Ash Dargan, a leading didgeridoo musician, never learned of his Aboriginal roots until the age of 22.
Adopted as a child, Dargan says, "I was raised on Australia's East Coast, in Queensland. I grew up there, not knowing about my past. The government wouldn't allow adopted children to get information about their parents. I didn't know I was part Aborigine."
But when that law changed, Dargan headed for North Australia, the ancestral homeland of the Larrakia Nation. He was able to reunite with his birth relatives, and they gave him more than the gift of a second family: His newfound grandmother and great-uncle introduced him to the didgeridoo, the "cultural instrument" of his people.
"I fell in love with it," says Dargan, who had trained on the trumpet since the age of 8. "I've been playing it now for 12 years."
This weekend, Dargan, for the first time, combines his didgeridoo music with modern dance, in a collaborative concert at Stevie Eller Dance Theatre with Tucson's O-T-O Dance. Native Australians never developed a skin drum, he says, thus the didgeridoo is the percussive instrument for Aboriginal traditional dance. Paired with the more deliberate movements of modern dance, Dargan says, "It's going to be great!"
The Aussie came to the United States to compose music for a play in Boulder, Colo., and when he ducked over to a Native American flute festival in New Mexico last summer, he met up with O-T-O's Annie Bunker and Chuck Koesters. The three tossed around ideas for a didgeridoo dance, but it was not until four weeks later, when Bunker had a portentous dream, that the deal was sealed.
"In the dream, I was walking out the back door" (of the Sonoran Desert home she shares with her husband, Koesters), Bunker relates. "A rattlesnake was curled there. It started morphing into another shape. I called Chuck."
In the dream, Koesters--as well as a dream Dargan--began running toward her. By the time all three converged, the snake had transformed itself into a lizard. "We looked at it, each other and the sky."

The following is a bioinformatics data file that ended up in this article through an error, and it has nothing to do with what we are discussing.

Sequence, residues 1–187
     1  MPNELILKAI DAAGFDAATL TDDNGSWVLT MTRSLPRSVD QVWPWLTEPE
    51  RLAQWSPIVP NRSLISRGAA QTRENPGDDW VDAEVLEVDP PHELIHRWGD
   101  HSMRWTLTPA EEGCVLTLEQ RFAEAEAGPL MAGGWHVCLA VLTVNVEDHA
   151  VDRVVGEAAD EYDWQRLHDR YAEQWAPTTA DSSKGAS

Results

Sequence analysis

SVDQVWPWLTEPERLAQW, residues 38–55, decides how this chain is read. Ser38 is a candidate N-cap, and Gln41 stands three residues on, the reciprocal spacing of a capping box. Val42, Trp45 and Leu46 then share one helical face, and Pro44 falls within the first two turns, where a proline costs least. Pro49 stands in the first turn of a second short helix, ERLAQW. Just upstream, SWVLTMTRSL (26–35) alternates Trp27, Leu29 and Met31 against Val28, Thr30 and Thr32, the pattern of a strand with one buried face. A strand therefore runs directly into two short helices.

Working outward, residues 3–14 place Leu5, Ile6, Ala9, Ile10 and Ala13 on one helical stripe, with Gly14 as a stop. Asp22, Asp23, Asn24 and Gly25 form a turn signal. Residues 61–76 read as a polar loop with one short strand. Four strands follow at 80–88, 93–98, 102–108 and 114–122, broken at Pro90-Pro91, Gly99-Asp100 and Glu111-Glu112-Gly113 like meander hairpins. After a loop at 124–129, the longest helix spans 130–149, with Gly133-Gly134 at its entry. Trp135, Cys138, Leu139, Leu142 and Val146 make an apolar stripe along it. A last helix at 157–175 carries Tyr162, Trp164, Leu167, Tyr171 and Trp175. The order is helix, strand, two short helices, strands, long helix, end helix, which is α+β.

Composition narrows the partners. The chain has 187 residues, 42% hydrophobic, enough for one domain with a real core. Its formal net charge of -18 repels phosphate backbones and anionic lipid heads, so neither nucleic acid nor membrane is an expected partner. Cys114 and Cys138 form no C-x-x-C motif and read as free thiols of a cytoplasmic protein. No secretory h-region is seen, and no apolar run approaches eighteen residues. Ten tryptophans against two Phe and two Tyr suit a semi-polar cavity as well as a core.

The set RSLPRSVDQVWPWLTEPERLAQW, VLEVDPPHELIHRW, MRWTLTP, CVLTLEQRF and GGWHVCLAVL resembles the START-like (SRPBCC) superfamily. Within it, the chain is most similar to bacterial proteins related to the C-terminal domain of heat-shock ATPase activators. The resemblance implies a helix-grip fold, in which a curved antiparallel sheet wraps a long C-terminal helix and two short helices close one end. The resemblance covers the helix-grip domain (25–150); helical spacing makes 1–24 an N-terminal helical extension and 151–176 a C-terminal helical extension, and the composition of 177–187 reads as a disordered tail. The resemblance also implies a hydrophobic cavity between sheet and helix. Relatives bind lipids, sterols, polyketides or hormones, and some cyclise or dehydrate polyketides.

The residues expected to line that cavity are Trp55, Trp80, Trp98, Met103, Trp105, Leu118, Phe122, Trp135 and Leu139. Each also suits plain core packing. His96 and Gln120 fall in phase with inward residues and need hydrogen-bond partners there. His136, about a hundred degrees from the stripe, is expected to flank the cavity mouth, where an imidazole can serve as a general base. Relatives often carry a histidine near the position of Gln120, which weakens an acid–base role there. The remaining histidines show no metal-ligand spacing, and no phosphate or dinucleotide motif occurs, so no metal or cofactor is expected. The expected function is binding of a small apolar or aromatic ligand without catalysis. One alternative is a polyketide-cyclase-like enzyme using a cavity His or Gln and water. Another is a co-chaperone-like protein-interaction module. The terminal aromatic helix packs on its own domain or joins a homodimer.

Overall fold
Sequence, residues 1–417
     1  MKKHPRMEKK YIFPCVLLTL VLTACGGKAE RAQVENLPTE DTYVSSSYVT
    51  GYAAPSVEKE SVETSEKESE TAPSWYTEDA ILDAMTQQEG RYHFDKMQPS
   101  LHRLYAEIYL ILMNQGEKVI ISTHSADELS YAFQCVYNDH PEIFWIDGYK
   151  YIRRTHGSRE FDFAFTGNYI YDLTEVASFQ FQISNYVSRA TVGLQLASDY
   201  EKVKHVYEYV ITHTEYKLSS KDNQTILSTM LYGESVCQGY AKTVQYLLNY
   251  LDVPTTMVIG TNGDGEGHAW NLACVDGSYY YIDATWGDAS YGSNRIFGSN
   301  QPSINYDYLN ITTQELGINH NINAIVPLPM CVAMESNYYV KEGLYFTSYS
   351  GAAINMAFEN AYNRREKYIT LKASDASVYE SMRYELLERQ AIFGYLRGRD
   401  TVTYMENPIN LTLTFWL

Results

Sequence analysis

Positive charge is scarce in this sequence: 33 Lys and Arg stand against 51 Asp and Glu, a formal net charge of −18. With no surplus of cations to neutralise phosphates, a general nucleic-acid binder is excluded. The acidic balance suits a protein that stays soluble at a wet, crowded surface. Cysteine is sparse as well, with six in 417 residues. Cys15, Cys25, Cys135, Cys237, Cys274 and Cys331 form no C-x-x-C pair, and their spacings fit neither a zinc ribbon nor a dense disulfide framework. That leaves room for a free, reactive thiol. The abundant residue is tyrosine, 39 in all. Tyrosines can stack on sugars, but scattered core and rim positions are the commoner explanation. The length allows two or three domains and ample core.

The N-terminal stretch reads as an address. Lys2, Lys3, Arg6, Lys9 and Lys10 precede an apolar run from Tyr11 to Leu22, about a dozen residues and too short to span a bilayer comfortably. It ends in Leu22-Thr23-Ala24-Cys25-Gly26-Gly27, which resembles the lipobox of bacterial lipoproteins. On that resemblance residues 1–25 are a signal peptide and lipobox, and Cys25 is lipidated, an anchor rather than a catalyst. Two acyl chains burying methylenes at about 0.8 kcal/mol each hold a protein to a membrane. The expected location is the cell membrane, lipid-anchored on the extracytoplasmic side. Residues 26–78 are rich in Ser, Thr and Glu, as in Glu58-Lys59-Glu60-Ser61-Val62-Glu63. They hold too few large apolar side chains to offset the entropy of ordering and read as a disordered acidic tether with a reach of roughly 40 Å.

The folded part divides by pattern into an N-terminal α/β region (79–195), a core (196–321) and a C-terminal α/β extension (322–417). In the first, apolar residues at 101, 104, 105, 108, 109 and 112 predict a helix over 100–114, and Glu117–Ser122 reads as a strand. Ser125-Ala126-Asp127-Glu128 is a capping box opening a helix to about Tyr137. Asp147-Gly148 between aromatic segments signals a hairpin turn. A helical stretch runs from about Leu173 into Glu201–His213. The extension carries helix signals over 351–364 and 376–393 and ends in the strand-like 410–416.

When Bunkers woke up, Dargan happened to call by phone, and he told her that it was the lizard of Aboriginal dreamtime.
"We had met in dreamtime," Bunkers says, "and we decided to do the piece."
Dargan will play his didgeridoo live during the six-part dance, tentatively titled "From Water to Air." His videos of the Australian landscape will serve as a moving backdrop for the 15 dancers on stage and in the air.
Bunker's choreography has both floor work and trapeze, including fragments from a trapeze work-in-progress that O-T-O's six apprentices performed at a January show. The inspirational lizard appears in one section, called appropriately enough, "Lizard of the Dreaming," but much of the dance's imagery comes from the landscape. It moves from still water to earth rocks to fast water to lighting, cloud and sky, Bunker says.
The 30-minute premiere will be the finale of a concert filled with live music, including Native American flute and Japanese drums. Evren Ozan, a young American Indian flutist whom Bunker and Koesters also met at the festival, will play again for "Traveler," a lyrical collaborative work the company debuted in November. Also choreographed by Bunker, that 12-minute dance, a celebration of human-horse love, combines dance on the floor and a backdrop of Koester videos.
Karen Falkenstrom and Rome Hamner, the local Japanese drumming duo otherwise known as Odaiko Sonora, play the Taiko drums for another Bunker premiere, "Crossing Over."
"I do an aerial solo with the flying box," Bunker reports. "I'm a person going through death. The other four characters are the specters of death." O-T-Oers Amy Barr, Batyah Morales Freedman, Lindsay Spilker and Nicole Stansbury join Bunker for the six-minute dance of opposites, an exploration of "white/black, slow/fast, yin-yang, tension/release."
Stansbury also showcases two pieces of her own choreography, a duet that debuted in the January O-T-O show, and "Grey Matter," a quintet about relationships danced to the soundscore from the movie The Royal Tannenbaums.
In "Semaphore," local poets Charles Alexander and Falkenstrom will continue the humorous verbal jousting they started at the January concert, and Bunker will once again slither on the floor between the dueling poets, bag on her head. In keeping with the spirit of the season--and the Irish Riverdancers high-stepping at Centennial Hall at the other end of campus--guest choreographer Thom Lewis of FUNHOUSE movement theater stages his comic dance, "Closet Irish."
"I saw it in a FUNHOUSE show several years ago and I really liked it," Bunker says. "I hadn't thought about it being near St. Patrick's Day."
O-T-O's Katie Rutterer, Lindsay Compitello, Freedman and Stansbury put on the green and leap lightly on a set suited up as an Irish bar.